Synopsis: A dramatization of a 2003 incident in which hiker Aron Ralston becomes trapped under a boulder in a Utah canyon and desperately tries to figure out how to escape.
The bad news first: Thankfully, director Danny Boyle realized that the alternate ending available on the DVD was about 20 minutes too long. So the main complaints I would have had were with the conclusion that wasn't used.
Though I didn't mind it, some viewers might not like the semi-frequent cuts to flashbacks from Ralston's life. It might seem like there's only so much you can do with a story about being trapped in one place, but there's quite a bit that does take place there and it's certainly the meatiest part of the story. The flashbacks mostly serve to put Ralston's character in a little more context, especially as he reflects on his life from the dire situation. At times they can be a little too distracting, but most of the time they work.
The good stuff: For all the brief flashbacks and Ralston's brief encounters with a couple of hikers early in the film, this is essentially a one-man show featuring James Franco. It's a huge burden to carry, and he does a tremendous job. From Ralston's fun-loving if reckless demeanor early in the film to his mood shifts and delirium throughout his entrapment, you believe every moment of it and truly sympathize with the character.
I've also become a big fan of Danny Boyle, given that I really liked 28 Days Later, Sunshine, and Slumdog Millionaire. He really pinpoints the sense of claustrophobia and panic, but also the resolve and ultimate triumph of human determination. Come to think of it, that's mostly how the three aforementioned films ultimately work as well: unease, fear, and claustrophobia (in 28 Days Later, managing to turn the entire English isle into a boxed-in environment) with audacity winning out in the end. It might be a bit of a niche style, then, but it's obviously very flexible and he does it very well.
Carrying on that theme, 127 Hours is the first movie in awhile that has honestly creeped me out. Portraying an event that actually happened is much scarier than anything a horror movie can hope to achieve. The scene immediately following Ralston's entrapment, in which he screams for help at the top of his lungs, is accompanied by a slow zoom-out of the canyon, with the screams diminishing to a whisper by the time the shot is at the surface and to silence when it shows the landscape as a whole. That, along with the graphic portrayals of Ralston's efforts to free himself, are enough to send chills down your spine.
Verdict: You won't be disappointed.
Synopsis: Also based on a true story (albeit more loosely), a veteran engineer and rookie conductor race to stop a runaway train loaded with hazardous materials.
The bad news first: The movie's director, Tony Scott, has way too much love for the swivel cam. The shots of railroad destruction and antics on moving vehicles generally avoid this, but Scott apparently thinks that when these aren't taking place the camera needs to be orbiting a locomotive, person's face, etc. It's enough to make you dizzy.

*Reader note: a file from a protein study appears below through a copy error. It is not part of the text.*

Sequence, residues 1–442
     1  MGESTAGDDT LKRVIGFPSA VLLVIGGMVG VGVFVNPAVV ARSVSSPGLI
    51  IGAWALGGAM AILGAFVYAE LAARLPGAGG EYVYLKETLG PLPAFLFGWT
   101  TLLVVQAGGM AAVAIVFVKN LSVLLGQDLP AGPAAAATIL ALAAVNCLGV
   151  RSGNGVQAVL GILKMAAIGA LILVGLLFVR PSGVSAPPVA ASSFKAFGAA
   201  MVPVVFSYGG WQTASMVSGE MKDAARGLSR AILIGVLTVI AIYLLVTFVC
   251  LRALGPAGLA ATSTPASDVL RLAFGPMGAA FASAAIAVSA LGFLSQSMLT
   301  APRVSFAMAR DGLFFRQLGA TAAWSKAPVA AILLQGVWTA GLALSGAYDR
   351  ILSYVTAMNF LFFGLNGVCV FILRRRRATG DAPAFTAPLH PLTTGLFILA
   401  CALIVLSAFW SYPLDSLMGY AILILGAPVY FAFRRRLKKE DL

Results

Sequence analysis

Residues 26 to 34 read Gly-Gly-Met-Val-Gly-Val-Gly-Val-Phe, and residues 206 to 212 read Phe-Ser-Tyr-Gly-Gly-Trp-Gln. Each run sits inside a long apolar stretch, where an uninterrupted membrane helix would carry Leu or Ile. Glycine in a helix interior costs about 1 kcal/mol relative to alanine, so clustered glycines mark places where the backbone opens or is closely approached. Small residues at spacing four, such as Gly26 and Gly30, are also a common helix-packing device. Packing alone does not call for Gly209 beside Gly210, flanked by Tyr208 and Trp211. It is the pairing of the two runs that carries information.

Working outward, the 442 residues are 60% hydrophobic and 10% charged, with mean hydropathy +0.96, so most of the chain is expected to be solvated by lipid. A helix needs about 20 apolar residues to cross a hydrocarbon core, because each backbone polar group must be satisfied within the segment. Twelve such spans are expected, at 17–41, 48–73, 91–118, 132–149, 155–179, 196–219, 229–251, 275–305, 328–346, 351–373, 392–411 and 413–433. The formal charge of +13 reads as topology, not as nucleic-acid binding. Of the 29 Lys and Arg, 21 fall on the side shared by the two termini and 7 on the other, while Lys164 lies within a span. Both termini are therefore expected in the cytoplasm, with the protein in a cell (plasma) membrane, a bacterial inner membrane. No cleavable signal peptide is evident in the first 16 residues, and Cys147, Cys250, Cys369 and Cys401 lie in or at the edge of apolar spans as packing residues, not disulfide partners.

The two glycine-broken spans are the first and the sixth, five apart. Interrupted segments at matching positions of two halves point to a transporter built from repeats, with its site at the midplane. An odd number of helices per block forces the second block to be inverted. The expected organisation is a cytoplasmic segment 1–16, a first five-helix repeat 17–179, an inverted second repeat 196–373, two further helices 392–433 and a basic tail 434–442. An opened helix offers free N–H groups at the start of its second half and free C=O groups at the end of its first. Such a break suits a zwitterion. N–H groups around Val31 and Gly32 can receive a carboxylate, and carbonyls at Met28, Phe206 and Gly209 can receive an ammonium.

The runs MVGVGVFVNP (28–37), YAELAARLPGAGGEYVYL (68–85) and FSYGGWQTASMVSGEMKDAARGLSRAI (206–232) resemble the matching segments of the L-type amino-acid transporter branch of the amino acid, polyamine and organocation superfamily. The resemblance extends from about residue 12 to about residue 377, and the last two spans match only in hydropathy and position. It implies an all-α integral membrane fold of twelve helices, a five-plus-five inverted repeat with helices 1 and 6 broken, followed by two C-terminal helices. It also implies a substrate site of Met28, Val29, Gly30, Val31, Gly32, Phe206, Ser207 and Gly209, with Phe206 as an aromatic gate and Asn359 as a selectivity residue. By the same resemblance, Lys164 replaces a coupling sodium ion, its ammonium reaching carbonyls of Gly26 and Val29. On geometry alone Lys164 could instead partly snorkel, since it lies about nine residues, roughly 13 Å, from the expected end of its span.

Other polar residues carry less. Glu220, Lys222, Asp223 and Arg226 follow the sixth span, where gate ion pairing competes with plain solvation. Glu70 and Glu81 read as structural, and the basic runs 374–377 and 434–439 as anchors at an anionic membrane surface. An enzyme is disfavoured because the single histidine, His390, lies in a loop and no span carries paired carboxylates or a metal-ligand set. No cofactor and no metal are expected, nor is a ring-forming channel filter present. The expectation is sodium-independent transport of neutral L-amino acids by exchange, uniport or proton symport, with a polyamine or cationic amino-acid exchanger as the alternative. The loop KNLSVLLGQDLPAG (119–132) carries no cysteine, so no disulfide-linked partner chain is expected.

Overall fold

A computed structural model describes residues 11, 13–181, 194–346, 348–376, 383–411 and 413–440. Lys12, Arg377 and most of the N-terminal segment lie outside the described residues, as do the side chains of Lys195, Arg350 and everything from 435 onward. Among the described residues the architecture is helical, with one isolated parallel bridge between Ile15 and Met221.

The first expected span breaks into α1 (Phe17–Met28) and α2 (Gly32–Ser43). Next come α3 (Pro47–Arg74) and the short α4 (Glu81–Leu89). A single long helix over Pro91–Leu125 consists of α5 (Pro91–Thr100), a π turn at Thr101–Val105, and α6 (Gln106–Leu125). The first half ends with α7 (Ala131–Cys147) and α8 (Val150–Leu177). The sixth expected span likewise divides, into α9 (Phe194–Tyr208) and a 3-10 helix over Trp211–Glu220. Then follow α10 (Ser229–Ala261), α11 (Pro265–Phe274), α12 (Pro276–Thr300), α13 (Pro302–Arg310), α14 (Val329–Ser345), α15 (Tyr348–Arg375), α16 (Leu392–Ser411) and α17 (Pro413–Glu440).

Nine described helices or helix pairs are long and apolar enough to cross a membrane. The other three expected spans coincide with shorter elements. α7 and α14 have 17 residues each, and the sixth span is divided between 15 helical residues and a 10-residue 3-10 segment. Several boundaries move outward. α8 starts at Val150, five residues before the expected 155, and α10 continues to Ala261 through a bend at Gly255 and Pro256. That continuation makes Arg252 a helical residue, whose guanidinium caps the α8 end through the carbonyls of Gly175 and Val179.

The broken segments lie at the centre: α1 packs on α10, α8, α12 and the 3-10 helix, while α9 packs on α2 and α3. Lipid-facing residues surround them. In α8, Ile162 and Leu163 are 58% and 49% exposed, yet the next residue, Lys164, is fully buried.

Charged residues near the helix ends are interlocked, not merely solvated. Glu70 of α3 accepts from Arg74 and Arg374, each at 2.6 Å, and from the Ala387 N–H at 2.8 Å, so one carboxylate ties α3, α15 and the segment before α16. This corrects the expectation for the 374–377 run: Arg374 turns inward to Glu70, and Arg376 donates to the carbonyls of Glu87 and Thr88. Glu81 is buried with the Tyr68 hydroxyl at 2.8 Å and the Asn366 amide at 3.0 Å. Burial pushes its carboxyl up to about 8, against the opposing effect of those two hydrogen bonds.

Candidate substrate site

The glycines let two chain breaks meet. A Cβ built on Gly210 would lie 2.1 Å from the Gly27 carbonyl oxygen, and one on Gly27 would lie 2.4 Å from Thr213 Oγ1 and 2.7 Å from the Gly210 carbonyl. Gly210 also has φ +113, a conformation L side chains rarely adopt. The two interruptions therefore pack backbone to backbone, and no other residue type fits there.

Most of the later shots of the runaway train are accompanied by at least one helicopter, usually a colorful news chopper bobbing and weaving seemingly three feet off the ground. On the one hand, this means the action scenes get some pretty unique shots. On the other hand, the helicopters more often than not are competing for the viewer's attention.
Finally, it suffers from ending about five minutes too late. Everyone literally stands around grinning and there's an Animal House-esque "where are they now" conclusion that's too goofy to really fit.
The good stuff: The movie takes a rather simple plot and makes it work. When I first heard of this movie, I thought of Atomic Train, a TV movie that came out some time ago. I caught a few trailers and the the second half or so during some lazy movie night, and it seemed to have a similar story. The key difference is that Atomic Train languishes about in a meandering story based more on the special effects of Denver getting nuked than anything: train wrecks, the Russian bomb it's carrying for some reason goes off, and the characters dick about in the ruins for the rest of the movie. Unstoppable, meanwhile, just keeps with the runaway train aspect, and it turns out you can actually spin a pretty good yarn out of that.
Though it takes awhile for our heroes to start chasing down the speeding locomotive and its deadly cargo, we're kept entertained by some pretty good characters, namely the two numbnuts who let the train get away in the first place, a no-nonsense communications center chief, and a welder who takes an especially active role in the chase. The pursuit of the train lasts a good long time and every minute is worth it, thanks in part to the heightened realism due to a minimal use of CGI. The actual runaway was much less dramatic, but the artistic license is reasonable enough.
And finally, two last points: first, I enjoyed the newscasts folded into the narrative. Second, one nice part of the characterization was the fact that it didn't follow the cliche of the two main characters hating each others' guts and warming up due to the crisis. Rather, it feels like a genuine relationship between a more seasoned worker and a rookie, alternating between the bonding that comes with a humdrum journey and the aggravating nuisances that also occur along the way.
Verdict: Maybe not the most cerebral of thrillers, but a fun ride anyway.